The hole in the craft was leaking air into space at a rate that did not please Cutter, but he had more important things to worry about. He jerked back hard on the stick and twisted it to port, entering into a bank as he poured on the acceleration.
“Come and get me,” he said through clenched teeth.
He snapped the Bloodwing into a straight climb while maintaining the rearward pressure on the stick. The loop he was pulling was a basic maneuver taught to every skyfighter. He knew that the toothies taught the same things. If he could get them in the right position, though, he might well put paid to them for their little incursion into Combine space.
Screens lit with imminent attack warnings as a laser painted the rear of his craft. He shouted a curse and abandoned all subtlety, hammering a boot into the rudder and turning hard starboard as his paw slapped first at the ECM panel and then at the rear gunnery console.
From the aft tubes came irradiated chaff and sun-bright flares, spinning away from his Bloodwing as he put it harder into the turn and kept the accelerator wide open. The short-barrelled mass driver back there barked and bucked, spitting unaimed rounds into space. It was a desperate ploy to keep the rat from closing, but it had been known to be successful in the past.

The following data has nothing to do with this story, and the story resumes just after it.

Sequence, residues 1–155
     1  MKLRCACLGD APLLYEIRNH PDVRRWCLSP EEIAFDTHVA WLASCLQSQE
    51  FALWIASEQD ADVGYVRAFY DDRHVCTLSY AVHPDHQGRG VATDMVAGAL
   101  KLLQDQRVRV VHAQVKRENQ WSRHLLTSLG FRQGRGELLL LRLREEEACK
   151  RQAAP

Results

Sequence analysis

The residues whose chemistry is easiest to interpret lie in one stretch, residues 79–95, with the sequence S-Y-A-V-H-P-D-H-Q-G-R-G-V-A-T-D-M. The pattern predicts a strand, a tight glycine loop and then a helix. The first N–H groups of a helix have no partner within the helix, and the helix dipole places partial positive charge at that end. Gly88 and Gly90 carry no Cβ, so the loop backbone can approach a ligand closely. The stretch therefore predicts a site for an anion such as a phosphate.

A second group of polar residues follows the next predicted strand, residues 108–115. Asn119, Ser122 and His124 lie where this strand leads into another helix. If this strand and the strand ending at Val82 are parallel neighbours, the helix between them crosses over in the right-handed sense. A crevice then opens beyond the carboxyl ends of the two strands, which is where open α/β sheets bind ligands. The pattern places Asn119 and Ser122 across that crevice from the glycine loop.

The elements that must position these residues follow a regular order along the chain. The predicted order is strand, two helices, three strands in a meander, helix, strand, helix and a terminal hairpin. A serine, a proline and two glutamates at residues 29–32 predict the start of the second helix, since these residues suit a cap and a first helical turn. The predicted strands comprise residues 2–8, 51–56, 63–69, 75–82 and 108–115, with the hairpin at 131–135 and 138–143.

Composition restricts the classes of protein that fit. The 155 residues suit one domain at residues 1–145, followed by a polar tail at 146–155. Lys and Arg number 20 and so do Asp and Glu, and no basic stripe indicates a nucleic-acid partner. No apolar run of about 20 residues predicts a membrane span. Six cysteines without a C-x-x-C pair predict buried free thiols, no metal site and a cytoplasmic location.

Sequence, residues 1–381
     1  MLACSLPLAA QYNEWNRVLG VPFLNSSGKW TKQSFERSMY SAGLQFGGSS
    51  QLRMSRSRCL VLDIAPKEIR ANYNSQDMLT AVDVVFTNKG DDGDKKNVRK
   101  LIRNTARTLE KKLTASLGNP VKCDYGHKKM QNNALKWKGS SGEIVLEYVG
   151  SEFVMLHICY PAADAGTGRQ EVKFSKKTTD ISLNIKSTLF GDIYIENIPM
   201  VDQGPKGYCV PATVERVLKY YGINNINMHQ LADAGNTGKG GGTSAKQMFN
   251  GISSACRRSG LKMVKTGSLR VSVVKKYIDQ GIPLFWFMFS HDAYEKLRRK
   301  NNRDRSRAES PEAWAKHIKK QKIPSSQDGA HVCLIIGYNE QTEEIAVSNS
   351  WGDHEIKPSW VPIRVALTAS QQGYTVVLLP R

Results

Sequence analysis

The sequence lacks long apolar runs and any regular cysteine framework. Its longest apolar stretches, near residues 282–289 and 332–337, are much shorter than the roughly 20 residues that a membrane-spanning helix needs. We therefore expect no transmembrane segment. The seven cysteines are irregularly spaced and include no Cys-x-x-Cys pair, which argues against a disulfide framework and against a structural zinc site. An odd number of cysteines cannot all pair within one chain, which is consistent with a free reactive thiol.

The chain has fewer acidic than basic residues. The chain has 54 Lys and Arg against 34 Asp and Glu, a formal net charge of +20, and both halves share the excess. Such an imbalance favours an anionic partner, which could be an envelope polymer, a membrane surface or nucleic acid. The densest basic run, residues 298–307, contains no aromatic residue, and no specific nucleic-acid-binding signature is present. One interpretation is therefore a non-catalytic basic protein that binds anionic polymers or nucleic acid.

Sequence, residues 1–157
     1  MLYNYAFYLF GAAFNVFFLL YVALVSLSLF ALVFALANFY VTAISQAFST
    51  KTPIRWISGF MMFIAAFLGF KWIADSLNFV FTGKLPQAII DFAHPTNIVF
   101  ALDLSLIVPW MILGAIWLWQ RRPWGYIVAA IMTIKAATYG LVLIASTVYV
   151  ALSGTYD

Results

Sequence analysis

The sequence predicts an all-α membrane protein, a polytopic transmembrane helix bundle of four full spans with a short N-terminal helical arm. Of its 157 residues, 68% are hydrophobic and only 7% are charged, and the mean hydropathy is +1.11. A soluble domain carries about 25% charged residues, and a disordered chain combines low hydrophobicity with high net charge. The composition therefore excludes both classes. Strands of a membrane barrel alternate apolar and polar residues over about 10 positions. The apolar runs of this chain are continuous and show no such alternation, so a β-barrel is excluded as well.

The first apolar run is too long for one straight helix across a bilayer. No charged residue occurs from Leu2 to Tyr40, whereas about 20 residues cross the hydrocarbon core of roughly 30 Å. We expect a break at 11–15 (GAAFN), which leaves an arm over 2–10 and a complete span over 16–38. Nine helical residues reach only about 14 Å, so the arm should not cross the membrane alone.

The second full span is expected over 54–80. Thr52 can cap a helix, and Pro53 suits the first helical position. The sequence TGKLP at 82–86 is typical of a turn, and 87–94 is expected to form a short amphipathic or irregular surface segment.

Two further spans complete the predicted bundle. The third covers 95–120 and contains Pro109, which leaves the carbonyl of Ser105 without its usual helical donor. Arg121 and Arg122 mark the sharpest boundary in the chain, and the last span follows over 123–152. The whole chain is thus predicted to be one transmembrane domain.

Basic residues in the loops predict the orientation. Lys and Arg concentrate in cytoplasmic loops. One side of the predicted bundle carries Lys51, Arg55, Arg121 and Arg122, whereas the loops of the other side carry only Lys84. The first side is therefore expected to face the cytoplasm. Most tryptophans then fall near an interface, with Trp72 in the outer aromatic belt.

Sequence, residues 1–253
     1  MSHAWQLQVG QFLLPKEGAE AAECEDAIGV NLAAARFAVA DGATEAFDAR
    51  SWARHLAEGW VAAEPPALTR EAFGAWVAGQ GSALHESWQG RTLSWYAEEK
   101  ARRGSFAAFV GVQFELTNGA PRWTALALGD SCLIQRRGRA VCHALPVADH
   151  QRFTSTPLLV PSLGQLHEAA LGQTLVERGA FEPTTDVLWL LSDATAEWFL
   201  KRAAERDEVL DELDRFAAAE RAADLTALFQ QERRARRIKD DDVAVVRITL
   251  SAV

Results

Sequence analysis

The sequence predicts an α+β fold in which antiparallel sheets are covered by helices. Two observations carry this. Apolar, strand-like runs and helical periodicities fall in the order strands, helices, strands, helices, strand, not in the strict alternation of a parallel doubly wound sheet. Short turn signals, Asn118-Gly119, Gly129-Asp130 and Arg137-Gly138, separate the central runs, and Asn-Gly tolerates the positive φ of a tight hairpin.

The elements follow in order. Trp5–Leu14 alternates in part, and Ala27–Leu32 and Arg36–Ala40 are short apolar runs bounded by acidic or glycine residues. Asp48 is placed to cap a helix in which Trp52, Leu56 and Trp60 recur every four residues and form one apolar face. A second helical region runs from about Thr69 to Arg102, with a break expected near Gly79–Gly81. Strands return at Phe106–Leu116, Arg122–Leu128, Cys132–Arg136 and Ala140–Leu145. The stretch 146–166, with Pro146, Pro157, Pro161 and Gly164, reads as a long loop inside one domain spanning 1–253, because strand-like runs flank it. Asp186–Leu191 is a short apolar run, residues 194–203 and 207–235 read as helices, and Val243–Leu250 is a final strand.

“On your seven low, Cutter!” advised a voice across his radio. “Longtail on your seven low!”
“Take him!” Cutter shot back. “I’ve got two hits and I’m pissing air.”
“Trying. He’s good.”
“I’ll run a clean line. Get him when he reaches for the cheese.”
He flicked the shield control with a claw that snapped back into his paw, shunting all the power to the rear portion of the craft. He rolled over once and locked his flight into a straight line. Behind him, the Empire Rodentia fighter lined up a clean shot. Twin lasers flashed to life with a heavy pulse of energy. Cutter rocked as the beams impacted on his shields.
A second later and the Longtail shuddered beneath a series of mass driver rounds as Vapor overtook them and opened up with his main cannons. It seemed to falter in its flight and then erupted into a ball of flame.
“Splash one Longtail,” Vapor said, slowing his flight. “You good, Cutter?”